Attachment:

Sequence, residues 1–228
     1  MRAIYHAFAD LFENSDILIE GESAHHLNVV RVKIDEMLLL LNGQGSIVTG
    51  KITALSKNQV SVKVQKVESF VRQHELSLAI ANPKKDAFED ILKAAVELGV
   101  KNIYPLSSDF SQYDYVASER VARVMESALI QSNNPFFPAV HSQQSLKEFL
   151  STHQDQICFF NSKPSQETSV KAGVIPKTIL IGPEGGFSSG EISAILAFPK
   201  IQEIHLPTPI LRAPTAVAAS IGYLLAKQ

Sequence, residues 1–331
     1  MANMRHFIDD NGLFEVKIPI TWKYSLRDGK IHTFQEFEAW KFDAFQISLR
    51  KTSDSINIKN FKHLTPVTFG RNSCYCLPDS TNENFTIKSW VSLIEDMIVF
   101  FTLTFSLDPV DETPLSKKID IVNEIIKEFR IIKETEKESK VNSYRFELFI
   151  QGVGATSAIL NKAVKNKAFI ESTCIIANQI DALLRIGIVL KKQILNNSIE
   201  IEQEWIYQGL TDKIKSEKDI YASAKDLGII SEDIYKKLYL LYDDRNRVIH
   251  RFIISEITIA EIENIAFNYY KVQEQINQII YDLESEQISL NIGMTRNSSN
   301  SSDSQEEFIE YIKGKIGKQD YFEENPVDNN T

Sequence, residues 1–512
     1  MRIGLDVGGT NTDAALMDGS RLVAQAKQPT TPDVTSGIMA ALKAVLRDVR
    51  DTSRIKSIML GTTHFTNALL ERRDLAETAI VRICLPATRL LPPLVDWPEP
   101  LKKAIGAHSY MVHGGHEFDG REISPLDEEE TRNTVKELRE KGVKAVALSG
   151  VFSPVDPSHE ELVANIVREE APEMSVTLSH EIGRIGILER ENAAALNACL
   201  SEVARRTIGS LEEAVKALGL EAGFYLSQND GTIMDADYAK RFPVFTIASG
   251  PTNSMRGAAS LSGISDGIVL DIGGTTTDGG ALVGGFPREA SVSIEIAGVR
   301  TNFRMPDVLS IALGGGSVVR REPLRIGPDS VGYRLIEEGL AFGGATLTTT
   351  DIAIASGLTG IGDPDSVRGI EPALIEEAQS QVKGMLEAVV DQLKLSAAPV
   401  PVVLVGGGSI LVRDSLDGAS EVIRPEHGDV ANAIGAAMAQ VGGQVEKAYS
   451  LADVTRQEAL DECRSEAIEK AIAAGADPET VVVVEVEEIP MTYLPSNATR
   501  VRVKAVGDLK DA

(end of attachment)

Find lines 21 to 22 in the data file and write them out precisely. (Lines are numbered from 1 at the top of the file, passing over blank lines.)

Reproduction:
   251  PTNSMRGAAS LSGISDGIVL DIGGTTTDGG ALVGGFPREA SVSIEIAGVR
   301  TNFRMPDVLS IALGGGSVVR REPLRIGPDS VGYRLIEEGL AFGGATLTTT